Although very little is known about the D70 there seems to be enough information to question whether the D100 is good to buy now. The D70 appears to have everything the D100 plus a few more pixels. I wonder if the D70 is replacing the D100 with the expected release of a D200 sometime in 2004. I know sometime can be very long for Nikon, but the reactionary and catch up Nikon is doing with Canon it would be logical. It would be nice if Nikon took a lead. However the D200 is rumored and will obsolete the D100 leaving the D200 and D70. The D70 mayf it better for those of us who know we can not give up our film cameras if we wish to continue to shoot sports action. Just wondering because I'm not giving up all my Nikon lenses to switch to the other guys.
"Although very little is known about the D70 there seems to be enough information to question whether the D100 is good to buy now. The D70 appears to have everything the D100 plus a few more pixels."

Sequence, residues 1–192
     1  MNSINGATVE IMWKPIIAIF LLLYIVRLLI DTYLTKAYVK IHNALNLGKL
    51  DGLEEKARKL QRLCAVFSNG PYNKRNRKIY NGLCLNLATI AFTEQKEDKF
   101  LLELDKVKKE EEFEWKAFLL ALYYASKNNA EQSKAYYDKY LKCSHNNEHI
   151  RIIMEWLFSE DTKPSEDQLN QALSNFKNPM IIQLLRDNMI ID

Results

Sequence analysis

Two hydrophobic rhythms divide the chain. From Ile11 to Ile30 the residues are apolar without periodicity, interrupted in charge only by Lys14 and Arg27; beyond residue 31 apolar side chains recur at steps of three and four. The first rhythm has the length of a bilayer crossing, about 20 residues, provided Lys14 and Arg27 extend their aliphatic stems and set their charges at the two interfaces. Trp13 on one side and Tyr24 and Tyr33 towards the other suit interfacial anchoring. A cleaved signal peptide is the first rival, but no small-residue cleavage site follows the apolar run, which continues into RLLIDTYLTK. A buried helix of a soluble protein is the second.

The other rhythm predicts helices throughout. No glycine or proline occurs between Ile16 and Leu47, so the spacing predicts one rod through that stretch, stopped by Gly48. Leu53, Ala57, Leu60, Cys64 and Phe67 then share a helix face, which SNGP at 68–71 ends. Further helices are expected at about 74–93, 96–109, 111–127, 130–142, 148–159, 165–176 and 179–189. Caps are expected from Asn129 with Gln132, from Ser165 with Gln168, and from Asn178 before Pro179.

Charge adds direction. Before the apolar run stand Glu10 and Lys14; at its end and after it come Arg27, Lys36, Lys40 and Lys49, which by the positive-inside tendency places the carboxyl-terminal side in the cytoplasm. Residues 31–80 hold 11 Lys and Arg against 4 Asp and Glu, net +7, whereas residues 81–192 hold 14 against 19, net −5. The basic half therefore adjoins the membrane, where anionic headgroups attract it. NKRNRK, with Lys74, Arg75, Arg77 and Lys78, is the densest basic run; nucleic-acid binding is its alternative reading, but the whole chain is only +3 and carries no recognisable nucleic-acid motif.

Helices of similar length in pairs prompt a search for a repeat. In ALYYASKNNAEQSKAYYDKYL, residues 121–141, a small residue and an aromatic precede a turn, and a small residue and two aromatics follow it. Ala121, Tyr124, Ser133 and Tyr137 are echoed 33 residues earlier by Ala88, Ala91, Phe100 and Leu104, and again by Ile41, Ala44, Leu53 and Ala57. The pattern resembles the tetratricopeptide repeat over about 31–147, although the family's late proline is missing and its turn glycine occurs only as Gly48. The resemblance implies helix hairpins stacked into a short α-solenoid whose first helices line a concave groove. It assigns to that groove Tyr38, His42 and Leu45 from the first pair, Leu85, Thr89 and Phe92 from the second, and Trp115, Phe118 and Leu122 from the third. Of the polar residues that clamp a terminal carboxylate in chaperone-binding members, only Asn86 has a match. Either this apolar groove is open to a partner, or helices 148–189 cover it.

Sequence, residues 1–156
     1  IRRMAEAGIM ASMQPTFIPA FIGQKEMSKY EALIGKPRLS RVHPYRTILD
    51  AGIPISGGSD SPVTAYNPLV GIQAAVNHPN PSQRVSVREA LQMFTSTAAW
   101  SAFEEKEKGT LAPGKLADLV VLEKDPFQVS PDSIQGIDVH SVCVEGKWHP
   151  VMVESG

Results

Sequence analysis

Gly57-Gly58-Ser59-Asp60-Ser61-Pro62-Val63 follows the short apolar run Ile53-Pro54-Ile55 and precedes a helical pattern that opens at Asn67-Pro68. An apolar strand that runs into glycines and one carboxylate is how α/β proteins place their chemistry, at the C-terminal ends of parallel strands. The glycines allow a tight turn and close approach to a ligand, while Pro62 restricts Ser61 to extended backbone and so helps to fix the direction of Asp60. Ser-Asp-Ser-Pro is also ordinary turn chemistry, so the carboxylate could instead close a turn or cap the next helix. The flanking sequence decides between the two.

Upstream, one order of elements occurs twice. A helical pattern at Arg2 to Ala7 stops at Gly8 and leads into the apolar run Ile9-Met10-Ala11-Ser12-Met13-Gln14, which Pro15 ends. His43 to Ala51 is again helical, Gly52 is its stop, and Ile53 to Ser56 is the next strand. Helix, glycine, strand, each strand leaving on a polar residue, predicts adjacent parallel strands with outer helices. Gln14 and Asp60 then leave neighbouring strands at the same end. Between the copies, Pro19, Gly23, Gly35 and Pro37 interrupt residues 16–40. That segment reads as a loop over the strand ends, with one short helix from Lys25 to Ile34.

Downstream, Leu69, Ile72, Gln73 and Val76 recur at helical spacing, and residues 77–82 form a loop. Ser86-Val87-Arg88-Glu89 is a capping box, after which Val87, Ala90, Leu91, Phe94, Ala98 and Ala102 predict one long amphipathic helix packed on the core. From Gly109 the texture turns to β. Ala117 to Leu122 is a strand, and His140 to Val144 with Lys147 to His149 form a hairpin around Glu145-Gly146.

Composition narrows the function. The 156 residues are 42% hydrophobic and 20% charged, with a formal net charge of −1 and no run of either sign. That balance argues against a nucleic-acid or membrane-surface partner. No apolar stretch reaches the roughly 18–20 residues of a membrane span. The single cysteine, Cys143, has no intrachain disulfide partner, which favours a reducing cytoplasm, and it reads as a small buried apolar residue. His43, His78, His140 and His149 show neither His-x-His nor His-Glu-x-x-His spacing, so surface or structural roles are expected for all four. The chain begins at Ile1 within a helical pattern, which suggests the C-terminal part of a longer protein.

Where did you get that from?
"I wonder if the D70 is replacing the D100 with the expected release of a D200 sometime in 2004. "
The D70 is clearly slated to slot in underneath the D100. This is Nikon's response to the Canon 300D. D200 will be a long time coming, I think. Nikon need to wheel out the D70 and later the expected D2X before they turn their minds to the D100 replacement. The D100 might just get enhanced rather than replaced.
"I know sometime can be very long for Nikon, but the reactionary and catch up Nikon is doing with Canon it would be logical. It would be nice if Nikon took a lead. However the D200 is rumored and will obsolete the D100 leaving the D200 and D70. The D70 mayf it better for those of us who know we can not give up our film cameras if we wish to continue to shoot sports action."
Why can't you shoot sports action with digital?
"Just wondering because I'm not giving up all my Nikon lenses to switch to the other guys."
The D100 is a perfectly competent camera and it is now very nicely priced. In that sense it is an even more attractive prospect than when it was released. It will not suddenly stop working when Nikon bring out a replacement.